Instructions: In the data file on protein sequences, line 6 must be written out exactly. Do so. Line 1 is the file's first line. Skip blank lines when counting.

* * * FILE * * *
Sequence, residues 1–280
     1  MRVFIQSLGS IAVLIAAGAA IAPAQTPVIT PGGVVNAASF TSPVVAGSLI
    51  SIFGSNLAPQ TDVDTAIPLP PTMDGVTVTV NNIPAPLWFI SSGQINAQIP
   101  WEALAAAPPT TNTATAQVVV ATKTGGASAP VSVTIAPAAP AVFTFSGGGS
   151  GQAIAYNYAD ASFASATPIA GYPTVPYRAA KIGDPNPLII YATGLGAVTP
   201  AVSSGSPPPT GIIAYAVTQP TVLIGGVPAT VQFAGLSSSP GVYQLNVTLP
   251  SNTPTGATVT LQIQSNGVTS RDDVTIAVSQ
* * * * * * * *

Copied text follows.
   201  AVSSGSPPPT GIIAYAVTQP TVLIGGVPAT VQFAGLSSSP GVYQLNVTLP